Introducing a Theology of Hope: Biblical Exposition of the Lord’s Prayer by Dr. John Frame

Steve —  July 30, 2021 — Leave a comment

Introducing A Theology of Hope: A Biblical Exposition of the Lord’s Prayer

By Dr. John M. Frame

Introducing the Applied Theology Series

In this series, you’ll learn a Trinitarian theology of faith, hope, and love by understanding and applying to your life what the Bible teaches about: 1) Faith found in the Apostles’ Creed, 2) Hope found in the Lord’s Prayer, and 3) Love found in the Ten Commandments. You’ll learn from God’s Word that:

A mind that is renewed by faith and a heart that is aflame with hope results in a life that honors God by loving him and others deeply and well.

Introducing the soon-to-be-released book and course: 

Theology of Hope: A Biblical Exposition of the Lord’s Prayer

You’ll learn how to develop a strong hope rooted in the rich, biblical truths found in the Lord’s Prayer that will help you apply God’s Word to all areas of your life. You’ll be equipped to:

  • Understand the purpose and value of the prayer
  • Explain the meaning of honoring the Father’s name
  • Pray for God’s kingdom to come and will to be done
  • Learn the nature and value of prayer for daily bread
  • Describe why and how we pray for our forgiveness
  • Demonstrate how to pray for deliverance from evil

About the Applied Theology Project
The Applied Theology Series provides you accessible, affordable seminary-level teaching designed to help you learn how to apply theology to your life and ministry in practical ways – with the goal of helping you better know, love, serve, and honor God as LORD in all of life. Seminary professors John Frame and Steve Childers combine their almost 90 years of teaching and ministry experience to help you apply theology to life and ministry.

Read the New Introduction to a Theology of Hope by Dr. John Frame below!

Introduction to a Theology of Hope
A Biblical Exposition of the Lord’s Prayer 
Dr. John M. Frame

In this book and course we continue our project of summarizing the Christian faith in the concepts of faith, hope, and love (1 Cor. 13:13). Following the Enchiridion of St. Augustine, we are expounding faith using the Apostles’ Creed, hope using the Lord’s Prayer, and love using the Ten Commandments. So the present volume is about hope and will explain it by expounding the Lord’s Prayer (Matt. 6:9-13, Luke 11:2-4).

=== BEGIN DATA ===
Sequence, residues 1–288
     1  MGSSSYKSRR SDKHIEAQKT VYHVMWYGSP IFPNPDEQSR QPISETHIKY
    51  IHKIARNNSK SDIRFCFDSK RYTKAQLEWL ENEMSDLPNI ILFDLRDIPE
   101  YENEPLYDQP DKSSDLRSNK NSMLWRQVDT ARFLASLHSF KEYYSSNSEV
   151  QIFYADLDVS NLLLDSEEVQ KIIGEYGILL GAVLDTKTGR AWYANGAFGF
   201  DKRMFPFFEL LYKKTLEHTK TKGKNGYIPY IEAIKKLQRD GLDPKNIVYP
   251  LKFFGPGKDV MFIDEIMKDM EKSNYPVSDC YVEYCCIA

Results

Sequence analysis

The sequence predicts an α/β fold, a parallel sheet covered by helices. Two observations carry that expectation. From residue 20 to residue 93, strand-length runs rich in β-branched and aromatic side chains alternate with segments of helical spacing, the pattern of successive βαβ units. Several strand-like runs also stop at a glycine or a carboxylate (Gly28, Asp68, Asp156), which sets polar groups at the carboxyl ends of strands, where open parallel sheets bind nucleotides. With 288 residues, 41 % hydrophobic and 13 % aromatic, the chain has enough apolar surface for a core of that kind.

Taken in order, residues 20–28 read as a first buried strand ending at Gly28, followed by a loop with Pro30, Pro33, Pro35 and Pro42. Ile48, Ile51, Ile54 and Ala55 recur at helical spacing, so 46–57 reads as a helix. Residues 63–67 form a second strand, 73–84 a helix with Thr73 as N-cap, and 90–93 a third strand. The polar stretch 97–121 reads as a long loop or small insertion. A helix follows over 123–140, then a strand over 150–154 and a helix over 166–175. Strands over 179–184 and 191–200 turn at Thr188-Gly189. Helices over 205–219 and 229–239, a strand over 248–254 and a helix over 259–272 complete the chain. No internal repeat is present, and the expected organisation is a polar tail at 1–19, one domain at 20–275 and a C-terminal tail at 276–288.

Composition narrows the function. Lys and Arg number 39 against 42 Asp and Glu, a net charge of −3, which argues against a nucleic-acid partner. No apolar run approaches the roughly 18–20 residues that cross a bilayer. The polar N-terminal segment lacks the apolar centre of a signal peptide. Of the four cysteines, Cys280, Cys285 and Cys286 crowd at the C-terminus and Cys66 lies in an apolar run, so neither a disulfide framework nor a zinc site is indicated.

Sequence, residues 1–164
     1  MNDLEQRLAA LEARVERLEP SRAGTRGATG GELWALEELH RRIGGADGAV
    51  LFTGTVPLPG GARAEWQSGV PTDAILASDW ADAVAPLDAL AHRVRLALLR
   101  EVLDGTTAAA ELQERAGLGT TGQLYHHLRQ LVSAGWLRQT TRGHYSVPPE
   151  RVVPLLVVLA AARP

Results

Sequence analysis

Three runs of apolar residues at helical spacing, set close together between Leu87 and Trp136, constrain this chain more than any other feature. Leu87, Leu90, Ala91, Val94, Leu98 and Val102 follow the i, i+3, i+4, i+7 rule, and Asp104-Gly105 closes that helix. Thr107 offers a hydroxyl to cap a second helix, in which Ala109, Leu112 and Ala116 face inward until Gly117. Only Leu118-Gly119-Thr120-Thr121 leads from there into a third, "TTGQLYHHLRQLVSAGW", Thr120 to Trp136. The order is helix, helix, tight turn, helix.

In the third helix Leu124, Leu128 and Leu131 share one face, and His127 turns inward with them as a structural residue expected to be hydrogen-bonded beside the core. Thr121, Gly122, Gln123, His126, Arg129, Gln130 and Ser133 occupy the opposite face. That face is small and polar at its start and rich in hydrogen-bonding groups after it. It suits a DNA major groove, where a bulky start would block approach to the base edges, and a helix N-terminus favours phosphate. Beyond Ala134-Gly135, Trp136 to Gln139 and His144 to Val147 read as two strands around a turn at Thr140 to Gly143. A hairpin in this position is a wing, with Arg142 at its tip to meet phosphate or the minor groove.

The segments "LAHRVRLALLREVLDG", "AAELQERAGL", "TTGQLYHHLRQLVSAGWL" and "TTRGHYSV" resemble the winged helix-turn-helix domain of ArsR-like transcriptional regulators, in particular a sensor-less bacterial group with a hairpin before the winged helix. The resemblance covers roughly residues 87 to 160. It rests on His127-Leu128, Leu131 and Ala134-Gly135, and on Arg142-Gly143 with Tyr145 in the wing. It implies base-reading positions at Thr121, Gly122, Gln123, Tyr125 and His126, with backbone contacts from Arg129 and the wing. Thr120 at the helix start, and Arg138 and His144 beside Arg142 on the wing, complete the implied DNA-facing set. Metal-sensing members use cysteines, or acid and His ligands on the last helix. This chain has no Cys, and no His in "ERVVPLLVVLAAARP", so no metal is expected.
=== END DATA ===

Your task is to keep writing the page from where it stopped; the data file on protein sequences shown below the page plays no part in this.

In Scripture, hope is not a temperamental optimism, nor is it a scientific process of analyzing our circumstances, weighing the chance of positive against the chance of negative ones. Rather, it is a sure and certain trust that all will be well, grounded in God’s own sure revelation.

Such a hope leads us to pray, not because we fear that God will not keep his word, but because we are sure that he will. That confidence authorizes us to pray, knowing that our prayer will be effective, knowing that God fully intends to answer us favorably.

So our hope is based on a conviction from Scripture that our future is governed by a loving heavenly Father who will certainly provide for us his family, forgive our iniquities, and heal all our infirmities.

The Lord’s Prayer identifies God as precisely that kind of Father, glorious in his heavenly being and in his holy name. In prayer, we trust that his kingdom will certainly come and bring to our world universal obedience to his will.

The power and love of this great father will meet all of our needs, most amazingly the need we have for forgiveness of our sins against him. And he not only forgives us; he gives us new hearts, that we may forgive others as he has forgiven us.

To be sure, there is evil in the world until the final judgment, but our Father gives us victory over it, and one day that victory will be visible: all will see the triumph of God’s kingdom in power and glory, forever.

That is the biblical theology of hope. Over the past fifty years or so, theologians have discussed a different “theology of hope,” in which hope is linked to uncertainty rather than certainty. But like so many modern theological ideas, this view turns everything upside down.

The biblical theology of hope is based on certainty—not the certainty of temperamental optimism or of scientific rationalism, but the comforting words of our Father in Heaven, found in his sure word to us.

Dr. John M. Frame
Emeritus Professor of Systematic Theology and Philosophy
Reformed Theological Seminary

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